Look at the historical records regarding rhetoric surrounding the presidential campaigns of men like Abraham Lincoln and Andrew Jackson. The personal attacks against these men and their families were absolutely brutal.

Go farther back to our revered founding fathers. We have this foggy notion that they all locked arms and sang Kumbaya throughout the early days of the Republic. Nothing could be farther from the truth. Our heroes like Jefferson, Adams, Franklin, and Hamilton often literally hated one other. Washington was despised by his political enemies, who sought every possible way to bring him down. The genteel John Adams and Thomas Jefferson, the fiery red headed co author author of the Declaration of Independence, had many political and personal differences. It is ironic that Adams and Jefferson died on the same day, July 4, 1826 (the 50th birthday of our nation).

Their differences paled in comparison with those of Arron Burr and Alexander Hamilton. Burr was the third Vice President of the United States (serving under Thomas Jefferson) and Hamilton was the first Secretary of the Treasury. Hamilton, along with John Jay, and James Madison, co wrote the Federalist Papers, which are still looked to today by the courts in determining "original intent" questions in interpreting the Constitution.

These two important figures in the early days of the Republic had numerous political differences. The "conversation" (as they say today) spilled over into insults and personal attacks.

During the course of the 1804 election Hamilton regularly and flagrantly vilified Burr in speeches, some of which were attended by Burr's agents who reported back on their contents. Burr took particular notice of an inflammatory claim that Hamilton had expressed certain "despicable" opinions of him, and that he "could detail . . . a still more despicable opinion." History does not reveal the nature of this more "despicable opinion" but it struck a nerve. What is revealed is that by this time Hamilton considered Burr to be the most dangerous man in the new nation. Burr demanded satisfaction or retraction and challenged Hamilton to a duel.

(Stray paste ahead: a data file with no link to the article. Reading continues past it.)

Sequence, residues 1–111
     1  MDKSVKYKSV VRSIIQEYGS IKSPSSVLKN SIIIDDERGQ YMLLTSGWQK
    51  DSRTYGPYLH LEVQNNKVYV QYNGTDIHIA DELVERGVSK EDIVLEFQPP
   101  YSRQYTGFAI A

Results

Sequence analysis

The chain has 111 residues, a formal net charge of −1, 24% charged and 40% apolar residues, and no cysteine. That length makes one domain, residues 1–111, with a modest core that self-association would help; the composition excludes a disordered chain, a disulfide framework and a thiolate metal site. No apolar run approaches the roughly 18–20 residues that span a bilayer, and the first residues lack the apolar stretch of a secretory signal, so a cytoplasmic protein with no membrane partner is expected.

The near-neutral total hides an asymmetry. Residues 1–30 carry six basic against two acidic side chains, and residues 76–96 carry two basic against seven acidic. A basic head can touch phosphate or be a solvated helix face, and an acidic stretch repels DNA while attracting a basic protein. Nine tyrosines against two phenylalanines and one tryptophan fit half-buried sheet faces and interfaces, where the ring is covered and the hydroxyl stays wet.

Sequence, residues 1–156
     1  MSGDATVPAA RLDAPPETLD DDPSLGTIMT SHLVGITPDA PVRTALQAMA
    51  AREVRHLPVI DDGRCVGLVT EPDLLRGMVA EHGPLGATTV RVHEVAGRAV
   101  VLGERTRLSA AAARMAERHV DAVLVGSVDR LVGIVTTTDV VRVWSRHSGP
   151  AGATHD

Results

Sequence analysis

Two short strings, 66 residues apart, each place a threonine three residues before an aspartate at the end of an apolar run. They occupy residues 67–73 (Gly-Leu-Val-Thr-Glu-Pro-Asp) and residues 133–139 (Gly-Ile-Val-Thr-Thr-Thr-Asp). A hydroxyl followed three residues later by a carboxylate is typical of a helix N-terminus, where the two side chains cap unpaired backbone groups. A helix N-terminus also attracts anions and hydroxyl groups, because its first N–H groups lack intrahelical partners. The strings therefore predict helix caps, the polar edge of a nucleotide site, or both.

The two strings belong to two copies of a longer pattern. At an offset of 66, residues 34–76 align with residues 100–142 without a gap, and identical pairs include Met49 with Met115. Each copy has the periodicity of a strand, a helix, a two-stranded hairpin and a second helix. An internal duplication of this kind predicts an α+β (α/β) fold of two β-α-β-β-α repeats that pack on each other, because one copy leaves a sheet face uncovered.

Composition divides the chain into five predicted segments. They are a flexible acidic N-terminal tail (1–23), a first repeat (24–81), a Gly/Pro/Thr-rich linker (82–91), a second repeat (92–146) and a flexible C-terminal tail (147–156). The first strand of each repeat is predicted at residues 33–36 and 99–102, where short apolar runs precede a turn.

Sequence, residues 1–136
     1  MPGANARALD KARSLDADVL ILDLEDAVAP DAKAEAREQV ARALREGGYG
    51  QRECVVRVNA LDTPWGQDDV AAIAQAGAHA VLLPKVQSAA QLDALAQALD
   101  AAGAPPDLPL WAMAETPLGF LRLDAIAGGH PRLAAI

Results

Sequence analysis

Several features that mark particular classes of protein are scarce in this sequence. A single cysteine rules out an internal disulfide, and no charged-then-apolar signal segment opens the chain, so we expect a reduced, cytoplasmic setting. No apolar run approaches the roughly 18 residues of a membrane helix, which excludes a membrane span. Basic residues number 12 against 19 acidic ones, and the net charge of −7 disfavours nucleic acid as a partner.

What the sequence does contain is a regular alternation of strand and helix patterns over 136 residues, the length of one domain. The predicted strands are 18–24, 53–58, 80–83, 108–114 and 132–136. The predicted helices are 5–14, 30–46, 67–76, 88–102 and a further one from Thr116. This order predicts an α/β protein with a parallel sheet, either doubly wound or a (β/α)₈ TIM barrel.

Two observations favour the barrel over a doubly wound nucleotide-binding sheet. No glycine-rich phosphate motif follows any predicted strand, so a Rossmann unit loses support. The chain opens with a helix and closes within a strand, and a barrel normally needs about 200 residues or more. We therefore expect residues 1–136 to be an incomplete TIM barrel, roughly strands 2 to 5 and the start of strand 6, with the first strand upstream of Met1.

Burr received satisfaction at Wehawken, New Jersey on July 11, 1804, when he mortally wounded Hamilton on the first shot. Still alive, but paralyzed from the waist down, Hamilton was brought to the home of a friend where he slowly died from internal bleeding. He breathed his last at two o'clock in the afternoon on July 12.

Please do not misunderstand the nature of this post. Two (or two hundred) wrongs don't make a right. However, to those who are crying "the sky is falling" over the tone of the political debate in America, I would say "come on man!" Get real! All of us would surely appreciate a more civil tone in political debate, but face it. This stuff has been going on for more than two centuries of our nation's history.

It's not likely that whining about it will change a single thing. At least that is one Kentuckian's opinion, "For What It's Worth".